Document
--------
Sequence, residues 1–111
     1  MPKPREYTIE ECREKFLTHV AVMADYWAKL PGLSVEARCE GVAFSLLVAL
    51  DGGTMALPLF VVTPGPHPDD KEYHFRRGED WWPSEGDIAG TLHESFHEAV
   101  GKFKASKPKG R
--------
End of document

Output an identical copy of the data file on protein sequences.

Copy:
Sequence, residues 1–111
     1  MPKPREYTIE ECREKFLTHV AVMADYWAKL PGLSVEARCE GVAFSLLVAL
    51  DGGTMALPLF VVTPGPHPDD KEYHFRRGED WWPSEGDIAG TLHESFHEAV
   101  GKFKASKPKG R